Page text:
Fleet Foxes



The gap between the last and the next of a beloved artist’s records is always interminable for its fans, be it a year or a decade. But this sentiment felt doubly true for fans of Fleet Foxes, whose fearless leader Robin Pecknold disbanded the group after 2011’s generation-defining Helplessness Blues and essentially disappeared for the next half-decade. (Okay, he actually attended classes at Columbia, but hey, same thing.) Happily for us, great works of art often come from periods of isolation, and such is the case with the Foxes’ breathtaking, ridiculously great Crack-Up. At the outset, it sounds like your basic, run-of-the-mill Fleet Foxes album – reliable Laurel Canyon-influenced folk with echo-chamber atmospherics and thundering drum beats – but listen closely, and the album reveals itself. The harmonies are tighter. The songs are more complex, cinematic, sweeping, panoramic in scope (especially on lengthier song-suites like “Third of May / Ōdaigahara” and “I Am All That I Need…”). Pecknold’s songwriting is clearer and more socially-conscious – he witnesses the protests following the murder of Alton Sterling on “Cassius -” and laments the proliferation of gender inequality on “- Naiads, Cassadies.” The group even gets self-referential when a sample of a school choir performing “White Winter Hymnal” pops up. Crack-Up is everything we could have hoped for from the Foxes’ reunification; they move forward as musicians while keeping one foot firmly rooted in the sound that made them one of the greatest musical acts of the new millennium. Welcome back, boys. Stay awhile now, won’t you?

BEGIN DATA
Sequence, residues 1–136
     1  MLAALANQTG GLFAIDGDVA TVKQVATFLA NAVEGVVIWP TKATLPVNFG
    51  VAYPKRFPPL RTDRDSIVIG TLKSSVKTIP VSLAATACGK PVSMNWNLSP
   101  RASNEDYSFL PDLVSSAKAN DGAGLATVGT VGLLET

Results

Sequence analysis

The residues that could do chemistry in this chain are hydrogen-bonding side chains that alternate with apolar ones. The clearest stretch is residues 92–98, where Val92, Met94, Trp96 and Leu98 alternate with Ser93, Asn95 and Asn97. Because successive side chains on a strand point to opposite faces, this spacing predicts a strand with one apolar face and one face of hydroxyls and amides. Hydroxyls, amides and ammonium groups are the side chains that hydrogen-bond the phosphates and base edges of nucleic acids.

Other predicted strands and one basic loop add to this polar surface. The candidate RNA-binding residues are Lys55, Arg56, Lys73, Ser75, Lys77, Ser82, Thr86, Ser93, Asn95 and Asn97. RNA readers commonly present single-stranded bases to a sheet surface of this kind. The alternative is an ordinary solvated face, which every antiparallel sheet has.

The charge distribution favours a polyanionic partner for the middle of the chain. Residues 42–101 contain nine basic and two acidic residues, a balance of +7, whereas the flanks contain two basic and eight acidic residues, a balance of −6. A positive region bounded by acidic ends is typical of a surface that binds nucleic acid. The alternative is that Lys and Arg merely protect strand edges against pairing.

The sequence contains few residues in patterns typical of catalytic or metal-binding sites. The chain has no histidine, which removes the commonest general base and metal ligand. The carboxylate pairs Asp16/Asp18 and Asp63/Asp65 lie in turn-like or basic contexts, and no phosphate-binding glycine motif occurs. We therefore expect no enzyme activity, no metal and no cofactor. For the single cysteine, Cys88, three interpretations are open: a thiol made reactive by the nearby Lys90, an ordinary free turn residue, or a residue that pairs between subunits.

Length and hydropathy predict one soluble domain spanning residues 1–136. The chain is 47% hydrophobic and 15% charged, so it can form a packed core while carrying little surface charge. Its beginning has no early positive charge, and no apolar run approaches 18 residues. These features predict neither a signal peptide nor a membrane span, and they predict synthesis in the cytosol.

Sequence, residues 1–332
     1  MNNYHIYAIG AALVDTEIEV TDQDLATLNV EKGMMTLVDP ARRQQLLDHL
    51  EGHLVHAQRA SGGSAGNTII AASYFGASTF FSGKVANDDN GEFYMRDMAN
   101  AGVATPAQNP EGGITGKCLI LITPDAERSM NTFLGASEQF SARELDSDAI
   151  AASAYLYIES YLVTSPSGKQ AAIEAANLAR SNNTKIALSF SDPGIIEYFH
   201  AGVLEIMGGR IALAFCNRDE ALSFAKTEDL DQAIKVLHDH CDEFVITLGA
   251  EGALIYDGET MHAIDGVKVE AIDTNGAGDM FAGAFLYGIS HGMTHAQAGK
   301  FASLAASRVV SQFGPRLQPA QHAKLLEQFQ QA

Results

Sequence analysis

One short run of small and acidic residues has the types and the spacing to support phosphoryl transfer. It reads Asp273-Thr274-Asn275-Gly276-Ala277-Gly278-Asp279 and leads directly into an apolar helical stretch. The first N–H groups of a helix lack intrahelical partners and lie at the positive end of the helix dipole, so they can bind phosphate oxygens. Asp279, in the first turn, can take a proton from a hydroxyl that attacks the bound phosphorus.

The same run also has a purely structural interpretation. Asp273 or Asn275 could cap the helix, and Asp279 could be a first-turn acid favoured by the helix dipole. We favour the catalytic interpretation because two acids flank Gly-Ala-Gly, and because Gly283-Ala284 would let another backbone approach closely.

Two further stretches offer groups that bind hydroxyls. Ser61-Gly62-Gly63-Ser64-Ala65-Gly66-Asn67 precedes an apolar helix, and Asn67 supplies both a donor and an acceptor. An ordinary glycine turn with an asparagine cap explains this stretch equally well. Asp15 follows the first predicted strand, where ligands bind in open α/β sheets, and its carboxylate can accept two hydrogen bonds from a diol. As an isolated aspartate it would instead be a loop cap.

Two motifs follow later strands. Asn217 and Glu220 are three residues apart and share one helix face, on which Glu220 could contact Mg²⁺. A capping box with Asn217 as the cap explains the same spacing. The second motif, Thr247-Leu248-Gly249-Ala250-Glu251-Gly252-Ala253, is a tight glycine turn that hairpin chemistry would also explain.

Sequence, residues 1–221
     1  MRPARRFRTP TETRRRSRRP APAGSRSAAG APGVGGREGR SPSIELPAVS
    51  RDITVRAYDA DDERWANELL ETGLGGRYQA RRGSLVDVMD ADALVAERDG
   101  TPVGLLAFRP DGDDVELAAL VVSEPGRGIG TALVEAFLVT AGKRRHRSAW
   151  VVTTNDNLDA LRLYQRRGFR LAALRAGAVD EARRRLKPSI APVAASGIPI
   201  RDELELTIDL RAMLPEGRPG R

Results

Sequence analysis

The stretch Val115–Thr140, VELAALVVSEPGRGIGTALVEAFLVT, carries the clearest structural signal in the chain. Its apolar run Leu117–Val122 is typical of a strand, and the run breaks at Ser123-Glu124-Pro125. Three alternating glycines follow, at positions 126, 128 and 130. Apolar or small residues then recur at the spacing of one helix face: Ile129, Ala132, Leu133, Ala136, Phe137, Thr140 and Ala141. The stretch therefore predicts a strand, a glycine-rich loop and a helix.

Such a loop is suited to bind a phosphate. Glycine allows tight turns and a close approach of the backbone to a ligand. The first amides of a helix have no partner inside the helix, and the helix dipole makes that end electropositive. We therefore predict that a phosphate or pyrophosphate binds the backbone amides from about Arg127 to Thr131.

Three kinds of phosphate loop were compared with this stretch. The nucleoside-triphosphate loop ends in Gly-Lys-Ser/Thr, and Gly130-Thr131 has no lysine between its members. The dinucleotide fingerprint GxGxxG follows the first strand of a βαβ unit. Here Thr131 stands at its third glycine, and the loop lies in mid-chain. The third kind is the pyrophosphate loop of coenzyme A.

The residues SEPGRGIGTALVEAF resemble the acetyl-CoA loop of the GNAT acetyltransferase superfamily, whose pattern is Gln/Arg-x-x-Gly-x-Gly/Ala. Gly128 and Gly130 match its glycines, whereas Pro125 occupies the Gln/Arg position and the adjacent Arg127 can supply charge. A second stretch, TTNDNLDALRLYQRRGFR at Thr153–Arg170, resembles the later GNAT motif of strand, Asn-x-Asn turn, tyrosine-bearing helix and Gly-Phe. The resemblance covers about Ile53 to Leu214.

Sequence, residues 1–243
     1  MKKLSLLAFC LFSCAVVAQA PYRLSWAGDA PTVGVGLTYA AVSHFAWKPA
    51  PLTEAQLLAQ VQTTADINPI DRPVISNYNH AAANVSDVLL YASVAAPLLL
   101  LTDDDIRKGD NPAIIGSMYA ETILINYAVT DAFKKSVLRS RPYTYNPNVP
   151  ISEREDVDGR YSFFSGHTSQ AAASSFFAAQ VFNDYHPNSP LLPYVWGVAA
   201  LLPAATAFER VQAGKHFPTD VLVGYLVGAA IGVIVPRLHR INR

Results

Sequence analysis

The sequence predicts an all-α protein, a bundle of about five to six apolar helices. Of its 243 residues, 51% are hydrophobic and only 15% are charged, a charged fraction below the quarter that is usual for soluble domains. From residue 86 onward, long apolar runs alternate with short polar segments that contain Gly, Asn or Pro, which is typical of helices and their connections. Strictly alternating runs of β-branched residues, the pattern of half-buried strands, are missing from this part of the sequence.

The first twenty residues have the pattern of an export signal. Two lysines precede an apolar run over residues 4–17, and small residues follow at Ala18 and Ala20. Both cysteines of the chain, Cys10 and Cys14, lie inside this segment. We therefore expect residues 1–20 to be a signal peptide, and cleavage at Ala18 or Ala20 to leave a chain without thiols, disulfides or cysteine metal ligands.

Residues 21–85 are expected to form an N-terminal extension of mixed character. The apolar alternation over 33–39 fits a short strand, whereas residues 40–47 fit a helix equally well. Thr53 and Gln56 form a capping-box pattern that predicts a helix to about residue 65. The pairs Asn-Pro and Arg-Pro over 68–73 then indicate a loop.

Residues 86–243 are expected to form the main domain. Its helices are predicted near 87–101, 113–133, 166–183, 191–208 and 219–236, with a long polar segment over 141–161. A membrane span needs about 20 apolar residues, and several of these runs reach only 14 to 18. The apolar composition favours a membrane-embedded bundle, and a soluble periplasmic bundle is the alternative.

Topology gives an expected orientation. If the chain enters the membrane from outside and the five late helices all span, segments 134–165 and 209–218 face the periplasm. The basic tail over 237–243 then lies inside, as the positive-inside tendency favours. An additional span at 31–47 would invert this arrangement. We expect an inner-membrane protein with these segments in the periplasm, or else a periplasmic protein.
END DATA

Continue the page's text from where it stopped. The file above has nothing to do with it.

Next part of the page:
Honorable Mentions

Blanck Mass / World Eater (Sacred Bones)

Neil Cicierega / Mouth Moods (Self-released)

Foxygen / Hang (Jagjaguwar)

Steve Lacy / Steve Lacy’s Demo (EP) (Three Quarter)

Perfume Genius / No Shape (Matador)

Sampha / Process (Young Turks)

The Shins / Heartworms (Columbia / Aural Apothecary)

SZA / Ctrl (Top Dawg / RCA)

Temples / Volcano (Heavenly / Fat Possum)

The xx / I See You (Young Turks)